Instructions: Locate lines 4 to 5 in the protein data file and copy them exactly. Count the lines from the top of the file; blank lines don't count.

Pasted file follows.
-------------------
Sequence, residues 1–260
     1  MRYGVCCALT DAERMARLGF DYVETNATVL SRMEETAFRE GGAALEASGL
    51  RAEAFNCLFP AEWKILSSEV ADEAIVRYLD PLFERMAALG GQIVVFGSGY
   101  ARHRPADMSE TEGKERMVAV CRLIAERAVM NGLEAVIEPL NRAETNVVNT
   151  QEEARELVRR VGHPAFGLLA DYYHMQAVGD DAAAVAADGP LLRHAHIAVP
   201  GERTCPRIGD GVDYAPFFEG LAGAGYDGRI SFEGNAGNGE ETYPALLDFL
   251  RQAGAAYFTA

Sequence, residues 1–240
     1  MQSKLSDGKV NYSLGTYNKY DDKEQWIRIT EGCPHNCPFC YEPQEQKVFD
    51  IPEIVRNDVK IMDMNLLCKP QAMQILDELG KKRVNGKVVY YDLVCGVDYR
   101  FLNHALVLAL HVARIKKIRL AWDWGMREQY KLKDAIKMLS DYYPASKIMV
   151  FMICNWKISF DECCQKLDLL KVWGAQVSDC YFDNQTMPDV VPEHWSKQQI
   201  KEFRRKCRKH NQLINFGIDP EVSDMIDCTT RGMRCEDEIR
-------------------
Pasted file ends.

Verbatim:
   101  ARHRPADMSE TEGKERMVAV CRLIAERAVM NGLEAVIEPL NRAETNVVNT
   151  QEEARELVRR VGHPAFGLLA DYYHMQAVGD DAAAVAADGP LLRHAHIAVP